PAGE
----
Business desk – Samsung is resuming sales of its Galaxy Note 7 smartphones in South Korea following a safety recall. They are set to return to Europe on 28 October, according to BBC.
The company asked customers to return their handsets after some users reported their phone had “exploded” during or after charging.
The firm said that battery problems were behind phones catching fire.
Samsung had sold about 2.5 million Galaxy Note 7 devices across the world before the recall.
In South Korea about 80 per cent of those sold phones have been returned for replacement.
In Europe and North America the figure is lower but still way above 50 per cent, according to company sources.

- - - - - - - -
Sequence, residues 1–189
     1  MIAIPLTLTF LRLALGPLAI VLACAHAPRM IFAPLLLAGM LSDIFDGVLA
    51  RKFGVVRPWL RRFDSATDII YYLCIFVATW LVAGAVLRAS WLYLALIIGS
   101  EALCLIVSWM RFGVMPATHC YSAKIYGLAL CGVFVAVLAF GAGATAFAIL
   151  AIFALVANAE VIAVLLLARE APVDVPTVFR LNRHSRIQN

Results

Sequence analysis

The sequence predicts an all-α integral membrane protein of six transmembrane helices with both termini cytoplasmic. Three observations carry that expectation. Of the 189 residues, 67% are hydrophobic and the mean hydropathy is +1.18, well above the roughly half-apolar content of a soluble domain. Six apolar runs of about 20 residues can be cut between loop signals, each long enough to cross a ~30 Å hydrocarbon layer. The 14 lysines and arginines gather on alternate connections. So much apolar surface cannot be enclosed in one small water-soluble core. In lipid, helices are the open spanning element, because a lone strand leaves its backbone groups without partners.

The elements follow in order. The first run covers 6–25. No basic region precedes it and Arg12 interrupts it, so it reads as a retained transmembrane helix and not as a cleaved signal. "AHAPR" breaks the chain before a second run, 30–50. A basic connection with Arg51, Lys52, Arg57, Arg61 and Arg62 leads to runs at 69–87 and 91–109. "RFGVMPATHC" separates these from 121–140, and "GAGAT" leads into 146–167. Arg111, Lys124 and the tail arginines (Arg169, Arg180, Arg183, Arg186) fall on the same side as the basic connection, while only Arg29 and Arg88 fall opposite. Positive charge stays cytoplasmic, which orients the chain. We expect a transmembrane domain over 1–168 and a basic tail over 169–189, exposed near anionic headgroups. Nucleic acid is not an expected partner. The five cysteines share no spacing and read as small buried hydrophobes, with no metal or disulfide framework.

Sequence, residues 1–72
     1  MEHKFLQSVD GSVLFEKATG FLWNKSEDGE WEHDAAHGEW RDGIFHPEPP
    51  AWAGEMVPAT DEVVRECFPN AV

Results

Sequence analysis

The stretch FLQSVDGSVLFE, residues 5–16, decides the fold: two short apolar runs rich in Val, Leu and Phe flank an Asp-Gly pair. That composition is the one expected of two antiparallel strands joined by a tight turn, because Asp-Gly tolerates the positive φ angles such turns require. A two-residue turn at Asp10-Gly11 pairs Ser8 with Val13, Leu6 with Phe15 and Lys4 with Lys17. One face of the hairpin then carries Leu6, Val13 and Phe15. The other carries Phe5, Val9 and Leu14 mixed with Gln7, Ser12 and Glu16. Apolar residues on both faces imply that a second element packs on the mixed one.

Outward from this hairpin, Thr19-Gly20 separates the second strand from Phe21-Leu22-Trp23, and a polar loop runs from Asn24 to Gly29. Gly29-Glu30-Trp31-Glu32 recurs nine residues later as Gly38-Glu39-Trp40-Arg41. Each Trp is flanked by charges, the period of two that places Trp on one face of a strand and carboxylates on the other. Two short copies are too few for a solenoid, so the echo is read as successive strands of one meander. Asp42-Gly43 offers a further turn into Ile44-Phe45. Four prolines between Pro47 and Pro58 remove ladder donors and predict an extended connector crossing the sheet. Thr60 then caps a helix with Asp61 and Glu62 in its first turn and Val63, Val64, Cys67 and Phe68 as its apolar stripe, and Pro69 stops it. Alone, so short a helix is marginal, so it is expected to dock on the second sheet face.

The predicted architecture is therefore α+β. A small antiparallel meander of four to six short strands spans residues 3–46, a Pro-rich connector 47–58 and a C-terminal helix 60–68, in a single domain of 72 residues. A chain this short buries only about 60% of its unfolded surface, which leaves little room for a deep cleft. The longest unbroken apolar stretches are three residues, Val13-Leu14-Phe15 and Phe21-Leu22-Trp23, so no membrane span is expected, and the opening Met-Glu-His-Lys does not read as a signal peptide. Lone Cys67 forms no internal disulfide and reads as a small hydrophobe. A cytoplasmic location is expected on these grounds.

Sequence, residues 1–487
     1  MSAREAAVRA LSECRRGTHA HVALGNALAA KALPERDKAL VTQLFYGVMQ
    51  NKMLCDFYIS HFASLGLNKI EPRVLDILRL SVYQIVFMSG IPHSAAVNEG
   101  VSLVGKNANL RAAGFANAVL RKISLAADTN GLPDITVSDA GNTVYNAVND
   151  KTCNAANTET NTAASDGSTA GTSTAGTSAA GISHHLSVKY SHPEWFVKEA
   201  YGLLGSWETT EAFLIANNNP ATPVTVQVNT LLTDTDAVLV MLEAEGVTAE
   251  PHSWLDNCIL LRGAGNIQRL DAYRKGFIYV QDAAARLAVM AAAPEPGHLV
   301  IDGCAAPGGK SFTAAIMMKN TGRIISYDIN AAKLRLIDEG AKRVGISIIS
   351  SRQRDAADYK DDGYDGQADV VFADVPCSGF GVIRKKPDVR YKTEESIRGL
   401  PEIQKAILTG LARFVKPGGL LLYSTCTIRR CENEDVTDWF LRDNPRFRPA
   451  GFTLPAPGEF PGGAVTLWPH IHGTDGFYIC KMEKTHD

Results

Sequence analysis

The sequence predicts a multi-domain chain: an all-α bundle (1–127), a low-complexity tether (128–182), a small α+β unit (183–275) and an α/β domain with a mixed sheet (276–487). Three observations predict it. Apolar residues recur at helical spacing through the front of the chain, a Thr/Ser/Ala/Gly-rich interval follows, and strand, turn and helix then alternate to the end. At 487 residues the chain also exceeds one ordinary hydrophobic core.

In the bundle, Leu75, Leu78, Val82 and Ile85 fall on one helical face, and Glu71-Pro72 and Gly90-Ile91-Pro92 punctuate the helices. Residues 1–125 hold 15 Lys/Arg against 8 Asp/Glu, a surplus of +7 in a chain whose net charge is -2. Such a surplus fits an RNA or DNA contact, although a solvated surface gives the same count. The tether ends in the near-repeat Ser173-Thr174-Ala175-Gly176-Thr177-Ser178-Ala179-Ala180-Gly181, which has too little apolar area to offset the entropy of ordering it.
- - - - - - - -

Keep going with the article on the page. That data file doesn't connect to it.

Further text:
BBC reported quoting Samsung insiders that 95 per cent of the people returning their handset are opting to continue with a Samsung model. There is – they say – huge customer loyalty.
But there has clearly been a big cost, one on which a monetary value is impossible to determine exactly.
Firstly, Samsung has lost a month of its carefully planned sales pitch in the campaign against Apple and its new iPhone 7.
Secondly, the brand has been tarnished. Samsung has prided itself on making the most of its components. It doesn’t outsource as much as its rivals do.
Thirdly, even if most of the offending phones have been returned and replaced, substantial numbers are still out there.
Airlines have presented passengers with a warning notice on check-in, saying the Galaxy Note 7 should not be checked in or switched on in the cabin even in flight-mode.
In the crucial Chinese market, the iPhone has a huge cachet. Samsung has been squeezed between Apple’s offerings and Chinese phones.
Batteries that might catch fire won’t have helped it in that competition.